You have to be careful reading about DNA analysis, because the numbers can vary depending on how you count them.

    Chimpanzee genome project - Wikipedia, the free encyclopedia

    Humans and Chimps share 30% exact matched according to this article.

    Quote Originally Posted by Chimpanzee Genome Project Article
    Typical human and chimp homologs of proteins differ in only an average of two amino acids. About 30 percent of all human proteins are identical in sequence to the corresponding chimp protein. As mentioned above, gene duplications are a major source of differences between human and chimp genetic material, with about 2.7 percent of the genome now representing differences having been produced by gene duplications or deletions during approximately 6 million years[4] since humans and chimps diverged from their common evolutionary ancestor. The comparable variation within human populations is 0.5 percent.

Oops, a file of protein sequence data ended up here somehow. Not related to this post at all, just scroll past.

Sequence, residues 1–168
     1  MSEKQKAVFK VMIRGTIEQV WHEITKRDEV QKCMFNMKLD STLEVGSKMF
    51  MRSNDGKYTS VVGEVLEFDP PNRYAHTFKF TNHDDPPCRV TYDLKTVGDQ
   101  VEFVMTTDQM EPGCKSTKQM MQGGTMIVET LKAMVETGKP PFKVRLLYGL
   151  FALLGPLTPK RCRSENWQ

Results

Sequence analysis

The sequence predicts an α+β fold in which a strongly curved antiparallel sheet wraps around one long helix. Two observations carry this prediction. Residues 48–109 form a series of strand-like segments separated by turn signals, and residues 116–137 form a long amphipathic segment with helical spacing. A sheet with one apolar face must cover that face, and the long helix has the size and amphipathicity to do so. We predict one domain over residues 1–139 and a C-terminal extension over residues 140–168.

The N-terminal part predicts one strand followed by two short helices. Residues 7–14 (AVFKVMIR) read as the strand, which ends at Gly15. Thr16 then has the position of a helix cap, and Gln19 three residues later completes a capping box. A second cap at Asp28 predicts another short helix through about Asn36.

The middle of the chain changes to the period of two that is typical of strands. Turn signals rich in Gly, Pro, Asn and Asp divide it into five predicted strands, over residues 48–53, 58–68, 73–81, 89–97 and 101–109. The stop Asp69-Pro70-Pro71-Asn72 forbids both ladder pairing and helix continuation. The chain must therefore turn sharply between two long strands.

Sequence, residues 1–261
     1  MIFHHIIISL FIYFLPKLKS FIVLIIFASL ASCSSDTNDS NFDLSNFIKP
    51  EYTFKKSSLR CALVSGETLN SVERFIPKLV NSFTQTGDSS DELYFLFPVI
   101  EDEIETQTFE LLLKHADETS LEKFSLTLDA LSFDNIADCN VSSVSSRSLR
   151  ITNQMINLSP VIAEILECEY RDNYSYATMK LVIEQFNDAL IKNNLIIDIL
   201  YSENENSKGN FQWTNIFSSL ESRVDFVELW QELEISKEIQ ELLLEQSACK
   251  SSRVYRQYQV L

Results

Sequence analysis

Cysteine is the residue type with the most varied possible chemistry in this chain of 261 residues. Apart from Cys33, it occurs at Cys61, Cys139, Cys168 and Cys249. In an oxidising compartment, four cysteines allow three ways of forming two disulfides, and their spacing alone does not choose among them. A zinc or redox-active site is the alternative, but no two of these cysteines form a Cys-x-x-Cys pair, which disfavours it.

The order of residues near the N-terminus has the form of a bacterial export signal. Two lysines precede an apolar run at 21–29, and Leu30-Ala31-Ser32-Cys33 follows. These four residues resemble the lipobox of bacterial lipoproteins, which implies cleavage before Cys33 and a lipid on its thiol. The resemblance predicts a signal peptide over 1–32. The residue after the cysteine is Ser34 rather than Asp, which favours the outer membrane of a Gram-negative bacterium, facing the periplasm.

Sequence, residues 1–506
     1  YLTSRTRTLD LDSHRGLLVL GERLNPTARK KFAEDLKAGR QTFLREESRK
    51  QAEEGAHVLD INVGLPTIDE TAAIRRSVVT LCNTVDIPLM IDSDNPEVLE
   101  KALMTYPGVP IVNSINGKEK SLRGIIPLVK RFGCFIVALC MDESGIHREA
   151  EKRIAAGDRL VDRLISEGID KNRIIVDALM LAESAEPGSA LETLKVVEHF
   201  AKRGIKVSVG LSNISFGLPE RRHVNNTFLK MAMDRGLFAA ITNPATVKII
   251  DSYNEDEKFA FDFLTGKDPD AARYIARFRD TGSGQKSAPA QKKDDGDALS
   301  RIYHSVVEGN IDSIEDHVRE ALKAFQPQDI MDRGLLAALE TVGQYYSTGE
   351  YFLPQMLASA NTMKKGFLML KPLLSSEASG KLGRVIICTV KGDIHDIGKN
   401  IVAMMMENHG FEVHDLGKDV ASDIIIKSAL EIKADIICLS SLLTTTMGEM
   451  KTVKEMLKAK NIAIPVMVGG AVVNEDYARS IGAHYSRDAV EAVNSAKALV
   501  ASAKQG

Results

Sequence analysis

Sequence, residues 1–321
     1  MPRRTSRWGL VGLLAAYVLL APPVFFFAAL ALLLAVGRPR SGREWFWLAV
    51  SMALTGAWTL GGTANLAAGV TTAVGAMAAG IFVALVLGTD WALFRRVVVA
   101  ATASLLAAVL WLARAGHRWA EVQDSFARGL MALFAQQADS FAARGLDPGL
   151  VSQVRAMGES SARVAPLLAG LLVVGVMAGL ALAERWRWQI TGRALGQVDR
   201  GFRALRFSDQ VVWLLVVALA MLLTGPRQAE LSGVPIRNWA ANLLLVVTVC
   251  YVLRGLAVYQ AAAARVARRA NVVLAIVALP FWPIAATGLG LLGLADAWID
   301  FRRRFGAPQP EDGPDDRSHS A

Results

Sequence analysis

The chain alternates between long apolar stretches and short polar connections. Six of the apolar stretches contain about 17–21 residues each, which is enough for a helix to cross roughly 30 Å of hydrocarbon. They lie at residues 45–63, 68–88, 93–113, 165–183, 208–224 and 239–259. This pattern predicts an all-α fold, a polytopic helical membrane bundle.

Neanderthal genome project - Wikipedia, the free encyclopedia

    But if you look at this other article, specifically detailing the Neanderthals genome progject, it mentions in passing at the outset that 98.8% of human DNA (the base pairs, anyway) is a match to chimps, and 99.7% (of the base pairs) are a match between humans and neanderthals.

    Quote Originally Posted by Neanderthal Genome Project Article
    According to preliminary sequences, 99.7% of the base pairs of the modern human and Neanderthal genomes are identical, compared to humans sharing around 98.8% of base pairs with the chimpanzee.[4] (Other studies concerning the commonality between chimps and humans have modified the commonality of 98% to a commonality of only 94%, showing that the genetic gap between humans and chimps is bigger than originally thought.)[
    Quote Originally Posted by gonzales56 View Post